Experts in the field of infectious disease are now faced with a critical issue, one that has seldom surfaced in previous years. A sixty-two-year-old drug that has traditionally treated a dangerous parasite has now increased from $13.50 to $750 per tablet. This drug, known as Daraprim, was acquired by a new company known as Turing Pharmaceuticals.
The Turing Company is responsible for this radical price increase. This increase may force health care professionals to use inferior methods of treatment along with other alternative therapies. Of course, this is not a rare incidence, but rather, an insidious trend that has emerged in the pharmaceutical industry in the past. These incidents have surfaced for two reasons in particular. In some cases, a drug shortage was responsible for this phenomenon. In other cases, poor business strategies became the primary culprit.
These radical drug price increases have invited suspicion and concern among the federal government members. In particular, two members of Congress investigated these price hikes in August, after Valeant Pharmaceuticals raised the price for two heart medications by 525% and 212% respectively.
Effects on Health Care
Other organizations have expressed their impassioned grievances against Turing for raising the prices on both HIV medications and infectious disease medications. Essentially, they accused him of exploiting a vulnerable population of people susceptible to disease. In essence, these price hikes are a scourge to the medical community and may compromise the quality of standards of care.
The purpose of Daraprim is to treat a condition known as toxoplasmosis, a parasitic infection that threatens the well-being and life of newborn babies. It is also used to combat parasitic infections for those who suffer from AIDS or HIV-related infections.
What the Founder Has to Say
The founder and chief executive of this company, Martin Shkreli, minimized the impact this would have on the medically vulnerable population, noting that this drug was rarely used in the first place. Furthermore, he declared that he would allocate the profits from this medicine to furthering medical research on this very topic. This individual has been at the forefront of many well-known controversies, and he continues to face an onslaught of criticism.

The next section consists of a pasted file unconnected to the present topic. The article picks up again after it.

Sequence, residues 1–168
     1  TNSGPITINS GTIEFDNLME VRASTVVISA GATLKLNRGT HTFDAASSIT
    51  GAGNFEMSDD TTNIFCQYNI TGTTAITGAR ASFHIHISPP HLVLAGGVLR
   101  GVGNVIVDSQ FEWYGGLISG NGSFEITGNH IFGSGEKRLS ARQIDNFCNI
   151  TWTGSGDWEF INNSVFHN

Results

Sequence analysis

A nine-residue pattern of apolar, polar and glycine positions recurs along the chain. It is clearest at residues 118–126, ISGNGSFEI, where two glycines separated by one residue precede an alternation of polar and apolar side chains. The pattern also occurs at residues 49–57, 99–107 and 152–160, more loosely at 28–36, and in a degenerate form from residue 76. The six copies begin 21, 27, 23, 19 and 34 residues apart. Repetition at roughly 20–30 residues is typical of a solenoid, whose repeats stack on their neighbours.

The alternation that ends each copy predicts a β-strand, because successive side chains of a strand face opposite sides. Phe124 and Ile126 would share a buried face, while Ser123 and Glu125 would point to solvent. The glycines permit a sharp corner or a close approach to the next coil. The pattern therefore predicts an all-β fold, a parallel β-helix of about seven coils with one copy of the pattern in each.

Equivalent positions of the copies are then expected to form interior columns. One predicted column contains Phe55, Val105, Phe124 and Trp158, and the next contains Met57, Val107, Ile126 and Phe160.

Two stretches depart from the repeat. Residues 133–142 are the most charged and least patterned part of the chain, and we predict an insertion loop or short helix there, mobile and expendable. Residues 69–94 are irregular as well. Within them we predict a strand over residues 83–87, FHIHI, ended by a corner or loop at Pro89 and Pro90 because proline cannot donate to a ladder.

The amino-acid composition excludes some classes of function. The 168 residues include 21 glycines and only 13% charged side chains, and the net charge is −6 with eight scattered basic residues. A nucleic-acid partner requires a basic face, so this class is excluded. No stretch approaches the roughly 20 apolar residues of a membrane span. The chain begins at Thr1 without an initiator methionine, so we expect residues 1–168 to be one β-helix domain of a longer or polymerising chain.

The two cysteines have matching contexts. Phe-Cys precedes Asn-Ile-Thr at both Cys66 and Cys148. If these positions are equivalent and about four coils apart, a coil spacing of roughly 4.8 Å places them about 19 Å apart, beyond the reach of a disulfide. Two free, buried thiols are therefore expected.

According to Shkreli, his company is not motivated by avarice and greed, but rather, a pressing need to stay in business, even at the expense of the patients and their well-being. In spite of his brash efforts, he continues to justify his claim, noting the short-lived treatment periods required for this condition. He stated that the use of this drug rarely exceeds a year in some cases, but these treatments can prove alarmingly expensive at a rate of $750 per pill. He insists that the criticism being leveled against him is unwarranted.
Mr. Shkreli has invited other notable examples of criticism, one of which led to the untimely termination from his company, Retrophin. He started this company to purchase older drugs and raised their prices accordingly. According to CEO of Incerio, his board of directors fired him and accused him of pursuing these endeavors for monetary purposes. He is attempting to sue this company, and he denies what he deems to be wild allegations, behaving as though he were unjustly punished.
The Importance of Daraprim
Daraprim is especially important in the medical world, because it treats malaria, and it only cost a mere $1 per tablet many years ago. Once it was acquired by CorePharma, its price dramatically increased tremendously. Hence, this drug seems to have incurred a trend of price increases over the years, but none as dramatic as this. This price increase will ultimately provide Turing with tens of millions of dollars, and private insurance companies will be forced to cover it, while Medicaid will acquire it at cheaper prices.
In essence, some hospitals may experience treatment delays, because the drug is now too expensive to administer to patients. Daraprim is the standard treatment for this parasitic condition, and this issue clearly has vaster implications than Shkreli claims.